Thursday, November 10, 2011

Remembrance Day

I was delighted to read that traffic in Inverness will stop for two minutes at 11.00 tomorrow, 11 November, to mark the memory of  all those servicemen who fell in the First World War and subsequent conflicts. This move which augments tributes that will be paid at War Memorials throughout the land this Sunday is a welcome move to bring this extraordinary sacrifice into people's daily lives.

I was at Eilean Donan Castle recently, looking at the memorial to the MacRaes who gave their lives in the two wars. I re-read the poem by John MacRae, a Canadian, which led to the poppy becoming the emblem of Remembrance:

In Flanders fields the poppies grow
Between the crosses, row on row,
That mark our place; whilst in the sky
The larks, still bravely singing, fly 
Scarce heard amidst the guns below.

We are the dead. Short days ago
We lived, felt dawn, saw sunset glow,
Loved and were loved and now we lie
In Flanders fields. 

On the first day of the Battle of the Somme, 1 July 1916, the British Army suffered nearly 60,000 casualties - that's nearly the population of Inverness.

I, too, will be pausing for two minutes at 11.00 tomorrow.

Saturday, November 05, 2011

Guy Fawkes Day and the 'Winter Queen'

Today is an ideal Guy Fawkes Day - clear, crisp and a Saturday. There will be fireworks throughout the United Kingdom tonight and massive bonfires topped with a 'guy', a stuffed effigy of Guy Fawkes who, on 5 November 1605, hoped to make a bonfire of the Houses of Parliament thereby killing the king.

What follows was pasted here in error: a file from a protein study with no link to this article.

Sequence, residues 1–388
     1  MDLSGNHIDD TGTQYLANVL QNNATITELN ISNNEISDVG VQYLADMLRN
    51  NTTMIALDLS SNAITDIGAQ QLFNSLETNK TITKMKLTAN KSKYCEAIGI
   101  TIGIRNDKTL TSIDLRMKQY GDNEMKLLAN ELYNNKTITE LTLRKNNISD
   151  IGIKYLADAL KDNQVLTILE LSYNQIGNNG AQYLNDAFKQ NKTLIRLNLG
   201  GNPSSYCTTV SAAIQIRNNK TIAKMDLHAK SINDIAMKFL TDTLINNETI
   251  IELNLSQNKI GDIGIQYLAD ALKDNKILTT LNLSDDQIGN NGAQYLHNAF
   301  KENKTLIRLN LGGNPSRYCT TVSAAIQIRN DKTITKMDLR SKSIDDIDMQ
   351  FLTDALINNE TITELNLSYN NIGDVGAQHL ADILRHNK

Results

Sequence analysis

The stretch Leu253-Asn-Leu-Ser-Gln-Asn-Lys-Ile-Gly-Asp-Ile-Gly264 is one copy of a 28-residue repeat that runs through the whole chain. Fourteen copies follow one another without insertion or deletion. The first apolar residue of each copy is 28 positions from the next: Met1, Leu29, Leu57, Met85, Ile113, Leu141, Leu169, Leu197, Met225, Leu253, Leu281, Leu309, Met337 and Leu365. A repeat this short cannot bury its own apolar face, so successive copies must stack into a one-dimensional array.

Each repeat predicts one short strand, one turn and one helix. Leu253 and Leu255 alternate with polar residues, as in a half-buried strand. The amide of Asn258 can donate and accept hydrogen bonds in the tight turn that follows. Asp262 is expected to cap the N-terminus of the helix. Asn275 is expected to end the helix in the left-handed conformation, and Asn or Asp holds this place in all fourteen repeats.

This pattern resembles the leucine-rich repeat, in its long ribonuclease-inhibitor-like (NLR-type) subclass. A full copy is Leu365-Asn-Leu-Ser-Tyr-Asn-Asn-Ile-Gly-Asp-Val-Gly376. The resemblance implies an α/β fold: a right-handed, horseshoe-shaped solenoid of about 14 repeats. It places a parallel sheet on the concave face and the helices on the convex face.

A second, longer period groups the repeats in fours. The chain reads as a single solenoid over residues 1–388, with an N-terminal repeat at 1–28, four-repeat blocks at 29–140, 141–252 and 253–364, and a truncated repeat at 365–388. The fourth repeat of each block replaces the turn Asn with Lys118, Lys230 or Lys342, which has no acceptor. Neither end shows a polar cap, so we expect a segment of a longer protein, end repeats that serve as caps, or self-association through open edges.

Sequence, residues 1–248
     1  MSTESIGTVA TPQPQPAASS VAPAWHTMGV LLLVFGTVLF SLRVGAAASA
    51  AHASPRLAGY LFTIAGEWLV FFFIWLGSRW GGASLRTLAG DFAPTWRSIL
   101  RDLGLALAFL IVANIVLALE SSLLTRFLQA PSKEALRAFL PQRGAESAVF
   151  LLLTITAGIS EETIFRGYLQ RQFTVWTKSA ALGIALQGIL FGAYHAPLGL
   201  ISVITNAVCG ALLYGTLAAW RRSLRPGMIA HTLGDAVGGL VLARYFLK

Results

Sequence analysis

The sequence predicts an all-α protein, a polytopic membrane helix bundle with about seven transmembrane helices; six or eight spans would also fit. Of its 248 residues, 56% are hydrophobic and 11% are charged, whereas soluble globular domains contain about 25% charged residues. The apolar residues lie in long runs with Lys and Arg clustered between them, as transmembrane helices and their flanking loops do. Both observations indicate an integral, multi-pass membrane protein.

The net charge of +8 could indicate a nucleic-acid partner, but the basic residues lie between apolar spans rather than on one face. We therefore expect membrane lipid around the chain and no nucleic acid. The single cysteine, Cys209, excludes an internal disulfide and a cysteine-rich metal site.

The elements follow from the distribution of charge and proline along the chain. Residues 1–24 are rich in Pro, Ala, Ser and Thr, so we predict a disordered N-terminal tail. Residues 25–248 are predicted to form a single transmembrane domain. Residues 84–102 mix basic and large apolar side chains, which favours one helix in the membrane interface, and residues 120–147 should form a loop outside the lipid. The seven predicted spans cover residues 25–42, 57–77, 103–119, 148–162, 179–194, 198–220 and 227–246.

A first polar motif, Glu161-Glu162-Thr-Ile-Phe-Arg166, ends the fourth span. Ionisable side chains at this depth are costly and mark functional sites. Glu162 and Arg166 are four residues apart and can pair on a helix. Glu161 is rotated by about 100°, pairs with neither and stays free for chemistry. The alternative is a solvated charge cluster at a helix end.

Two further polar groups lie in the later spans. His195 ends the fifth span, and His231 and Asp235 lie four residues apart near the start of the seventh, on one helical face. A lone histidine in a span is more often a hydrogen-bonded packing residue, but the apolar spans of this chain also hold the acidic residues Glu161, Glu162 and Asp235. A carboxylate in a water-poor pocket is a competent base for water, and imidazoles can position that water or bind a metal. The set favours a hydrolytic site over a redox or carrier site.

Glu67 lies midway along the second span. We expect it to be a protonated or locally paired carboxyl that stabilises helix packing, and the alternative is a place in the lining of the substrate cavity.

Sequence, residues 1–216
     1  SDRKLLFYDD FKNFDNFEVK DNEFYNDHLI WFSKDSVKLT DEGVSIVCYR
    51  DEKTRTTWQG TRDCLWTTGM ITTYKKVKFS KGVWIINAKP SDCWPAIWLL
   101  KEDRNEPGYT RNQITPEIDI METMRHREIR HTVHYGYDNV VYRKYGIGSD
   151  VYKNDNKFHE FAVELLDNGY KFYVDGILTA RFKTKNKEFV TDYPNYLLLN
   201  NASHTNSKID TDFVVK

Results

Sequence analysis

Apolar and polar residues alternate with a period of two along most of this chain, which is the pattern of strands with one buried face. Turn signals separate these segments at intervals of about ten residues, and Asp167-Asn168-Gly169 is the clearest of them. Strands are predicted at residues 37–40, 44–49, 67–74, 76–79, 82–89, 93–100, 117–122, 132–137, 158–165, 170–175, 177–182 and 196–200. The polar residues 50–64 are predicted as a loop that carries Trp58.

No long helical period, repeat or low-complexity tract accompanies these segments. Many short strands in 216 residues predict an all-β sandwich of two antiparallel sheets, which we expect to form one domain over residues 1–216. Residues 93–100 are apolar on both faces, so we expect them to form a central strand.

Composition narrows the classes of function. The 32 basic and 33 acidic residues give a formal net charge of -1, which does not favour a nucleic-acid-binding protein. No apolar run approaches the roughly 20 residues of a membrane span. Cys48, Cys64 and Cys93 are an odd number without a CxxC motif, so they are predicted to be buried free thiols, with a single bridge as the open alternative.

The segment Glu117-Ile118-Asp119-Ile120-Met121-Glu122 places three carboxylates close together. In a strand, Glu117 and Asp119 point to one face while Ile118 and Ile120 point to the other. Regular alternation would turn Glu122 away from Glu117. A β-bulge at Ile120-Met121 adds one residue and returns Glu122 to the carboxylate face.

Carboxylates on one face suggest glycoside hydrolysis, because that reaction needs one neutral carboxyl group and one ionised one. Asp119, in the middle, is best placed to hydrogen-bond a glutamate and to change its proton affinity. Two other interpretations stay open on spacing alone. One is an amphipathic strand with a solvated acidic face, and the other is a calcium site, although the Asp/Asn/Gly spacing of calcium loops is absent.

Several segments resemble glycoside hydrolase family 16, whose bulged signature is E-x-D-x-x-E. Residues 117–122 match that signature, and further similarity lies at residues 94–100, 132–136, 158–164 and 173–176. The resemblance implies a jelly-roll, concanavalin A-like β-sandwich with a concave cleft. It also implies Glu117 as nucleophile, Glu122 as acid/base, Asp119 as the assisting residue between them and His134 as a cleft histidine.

The king in question was King James VI of Scotland (right), son of Mary Queen of Scots, and recently crowned James I of England. Guy Fawkes and his co-conspirators were aggrieved that James, a Protestant (albeit with a Roman Catholic mother and wife) was not resisting anti-Catholic legislation.

The story twists and turns and is well told here and here. In essence the plot was that with the king and his elder son dead, his nine year old daughter Elizabeth would become Queen of a newly Catholic country. Well, Fawkes was discovered on 4 November and Elizabeth grew up to marry the German Frederick V, Elector Palatinate. For just a few months in the winter of 1619/1620 Frederick became King of Bohemia, and known as 'The Winter King'; thus Elisabeth acquired her moniker 'Winter Queen'.

Elisabeth, who was born in Falkland Palace in Fife and brought up at Linlithgow Palace near Edinburgh, would surely have considered herself a Scot; her portrait hangs in the Scottish National Portrait Gallery. It is therefore doubly ironic that Elizabeth whom Guy Fawkes wished to crown as a Catholic Queen is remembered principally as the Grandmother of George I, who was preferred to the Cathoic James Stuart, the exiled de jure king, when Queen Anne died in 1714. George, a Protestant, became the first monarch of the House of Hanover, leapfrogging more than 50 Roman Catholics who had a better claim to the throne! There followed 32 years of Jacobite Risings, seeking to right this perceived wrong.

Elizabeth died in England, whilst visiting her nephew Charles II who was fond of her and insisted that some of the 'barbarous' names in his new territories across the Atlantic were named after her, hence the Elizabeth River in Southeastern Virginia and Cape Elizabeth in Maine.

Happy Guy Fawkes Day!